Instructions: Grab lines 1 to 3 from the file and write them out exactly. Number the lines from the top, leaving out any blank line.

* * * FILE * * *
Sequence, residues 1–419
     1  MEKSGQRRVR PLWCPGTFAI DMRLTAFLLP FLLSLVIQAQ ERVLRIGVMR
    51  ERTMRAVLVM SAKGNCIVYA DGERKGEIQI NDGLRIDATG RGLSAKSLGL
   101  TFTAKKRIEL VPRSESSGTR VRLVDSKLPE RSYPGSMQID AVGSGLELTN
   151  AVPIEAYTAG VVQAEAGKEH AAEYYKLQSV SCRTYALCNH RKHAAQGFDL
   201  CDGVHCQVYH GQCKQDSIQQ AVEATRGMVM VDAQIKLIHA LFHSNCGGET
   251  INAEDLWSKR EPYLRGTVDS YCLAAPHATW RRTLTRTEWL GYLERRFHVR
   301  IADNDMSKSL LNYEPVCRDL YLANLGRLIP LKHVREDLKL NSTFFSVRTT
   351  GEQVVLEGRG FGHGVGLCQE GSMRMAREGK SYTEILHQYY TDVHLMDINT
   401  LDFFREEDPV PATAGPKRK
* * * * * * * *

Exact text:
Sequence, residues 1–419
     1  MEKSGQRRVR PLWCPGTFAI DMRLTAFLLP FLLSLVIQAQ ERVLRIGVMR
    51  ERTMRAVLVM SAKGNCIVYA DGERKGEIQI NDGLRIDATG RGLSAKSLGL